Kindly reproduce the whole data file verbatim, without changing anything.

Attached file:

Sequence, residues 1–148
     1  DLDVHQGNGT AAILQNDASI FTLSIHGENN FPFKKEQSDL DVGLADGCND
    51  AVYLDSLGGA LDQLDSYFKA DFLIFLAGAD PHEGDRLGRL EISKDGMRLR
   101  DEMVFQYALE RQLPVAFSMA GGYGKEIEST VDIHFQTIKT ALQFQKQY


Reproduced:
Sequence, residues 1–148
     1  DLDVHQGNGT AAILQNDASI FTLSIHGENN FPFKKEQSDL DVGLADGCND
    51  AVYLDSLGGA LDQLDSYFKA DFLIFLAGAD PHEGDRLGRL EISKDGMRLR
   101  DEMVFQYALE RQLPVAFSMA GGYGKEIEST VDIHFQTIKT ALQFQKQY